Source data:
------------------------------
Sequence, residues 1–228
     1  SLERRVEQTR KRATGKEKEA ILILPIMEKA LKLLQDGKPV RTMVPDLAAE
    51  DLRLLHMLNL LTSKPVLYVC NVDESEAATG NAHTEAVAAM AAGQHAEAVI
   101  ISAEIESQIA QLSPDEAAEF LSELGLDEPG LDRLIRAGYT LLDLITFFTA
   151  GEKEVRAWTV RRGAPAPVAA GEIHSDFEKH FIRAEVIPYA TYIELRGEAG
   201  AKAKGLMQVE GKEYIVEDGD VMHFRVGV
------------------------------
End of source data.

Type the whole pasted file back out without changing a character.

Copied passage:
Sequence, residues 1–228
     1  SLERRVEQTR KRATGKEKEA ILILPIMEKA LKLLQDGKPV RTMVPDLAAE
    51  DLRLLHMLNL LTSKPVLYVC NVDESEAATG NAHTEAVAAM AAGQHAEAVI
   101  ISAEIESQIA QLSPDEAAEF LSELGLDEPG LDRLIRAGYT LLDLITFFTA
   151  GEKEVRAWTV RRGAPAPVAA GEIHSDFEKH FIRAEVIPYA TYIELRGEAG
   201  AKAKGLMQVE GKEYIVEDGD VMHFRVGV